5)Solar Water Solutions Adaptive Nozzle Valve System
With 700 million people lacking access to safe water globally, it may seem attractive to build water purifiers everywhere. However, purification plants are not only costly but are also environmentally destructive, with many filtration systems fueled by emission-spewing diesel generators. Solar Water Solutions has created the Adaptive Nozzle Valve System (ANVS), a technology that purifies water by leveraging the sun’s renewable energy. It’s now generating clean water for up to 10,000 people every day in off-the-grid communities in Kenya, Namibia, and Indonesia, among other countries.
With pork being the most consumed animal protein in the world, problems caused by the source’s nesting habits are bound to arise.Impossible foods, which wowed the world with its rendition of a burger in 2015, aims to tackle these issues with a plant-based pork substitute, Impossible Pork. Previewed at CES 2020, Impossible Pork is made from soy and said to taste uncannily like the real deal.
3)The FarmWise Titan FT-35
The FarmWise Titan FT-35 is a driverless tractor that uses machine learning, AI and computer vision, rather than herbicides, to eradicate weeds from farmers’ fields. Traveling along a conventional tractor’s path, the machine identifies both the planted crop—broccoli, lettuce, cauliflower and, soon, tomatoes—and the weeds disturbing its growth. In an instant, it reaches for the weed within 1 cm of precision and pulls it.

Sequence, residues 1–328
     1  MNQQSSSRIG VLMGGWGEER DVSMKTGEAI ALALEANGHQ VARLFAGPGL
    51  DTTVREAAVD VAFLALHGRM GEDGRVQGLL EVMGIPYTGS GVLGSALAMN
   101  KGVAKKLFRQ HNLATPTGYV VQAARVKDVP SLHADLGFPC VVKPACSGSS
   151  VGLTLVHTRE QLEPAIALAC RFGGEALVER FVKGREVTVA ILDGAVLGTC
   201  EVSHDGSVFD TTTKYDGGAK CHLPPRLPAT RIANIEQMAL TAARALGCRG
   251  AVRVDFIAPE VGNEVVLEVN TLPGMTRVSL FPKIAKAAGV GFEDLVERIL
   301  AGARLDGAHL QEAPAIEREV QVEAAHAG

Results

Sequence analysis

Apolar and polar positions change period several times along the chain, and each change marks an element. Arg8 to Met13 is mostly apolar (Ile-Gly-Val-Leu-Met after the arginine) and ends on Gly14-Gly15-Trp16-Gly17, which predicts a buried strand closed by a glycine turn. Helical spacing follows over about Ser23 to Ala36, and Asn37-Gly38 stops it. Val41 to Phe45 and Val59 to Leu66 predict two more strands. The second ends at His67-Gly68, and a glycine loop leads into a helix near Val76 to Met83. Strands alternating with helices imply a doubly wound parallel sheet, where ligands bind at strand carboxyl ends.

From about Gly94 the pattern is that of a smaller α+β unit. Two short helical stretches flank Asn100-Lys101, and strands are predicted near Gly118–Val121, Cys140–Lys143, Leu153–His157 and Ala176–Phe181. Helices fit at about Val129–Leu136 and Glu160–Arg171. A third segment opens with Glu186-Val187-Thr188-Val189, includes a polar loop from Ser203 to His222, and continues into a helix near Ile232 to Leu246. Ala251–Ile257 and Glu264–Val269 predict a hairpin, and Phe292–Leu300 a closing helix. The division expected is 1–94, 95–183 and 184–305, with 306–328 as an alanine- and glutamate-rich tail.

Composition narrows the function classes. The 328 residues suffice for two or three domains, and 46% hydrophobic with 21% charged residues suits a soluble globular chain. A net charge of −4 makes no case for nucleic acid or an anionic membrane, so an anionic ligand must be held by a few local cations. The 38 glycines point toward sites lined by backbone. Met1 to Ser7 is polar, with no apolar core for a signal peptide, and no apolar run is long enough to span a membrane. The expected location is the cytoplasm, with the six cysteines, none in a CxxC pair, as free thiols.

2) Heliogen HelioHeat
Creating the tons of steel and concrete we use to build our world requires a massive amount of heat—and most of it comes from burning dirty fossil fuels. HelioHeat cleans up that process by using the power of the sun. A field of 100,000 motorized, computer-controlled mirrors concentrate sunlight in the direction of a 40-m-tall tower, “like a giant magnifying glass,” according to Heliogen founder Bill Gross. The hot spot can reach upto 2000 Fahrenheit or about 1100 degrees Celsius. This heat can be harnessed to melt steel, make cement or electricity.
1) The Fairphone 3+
Some 50 million tons of electronic waste is created each year, much of it composed of elements that were unethically sourced in the first place.(Example: Gold for circuit boards). In contrast, Dutch company Fairphone makes phones using minerals from conflict-free zones, sourced via more responsible supply chains. The phones are also built to stay out of landfills as long as possible. Made of 40% recycled plastic, the new Fairphone 3+ (€469, or roughly $554) has replaceable parts and an expected life span of five years. Its repair-friendly design lets you swap your battery or screen, or even upgrade your camera’s quality with just a screwdriver, encouraging users to hang on to their devices longer.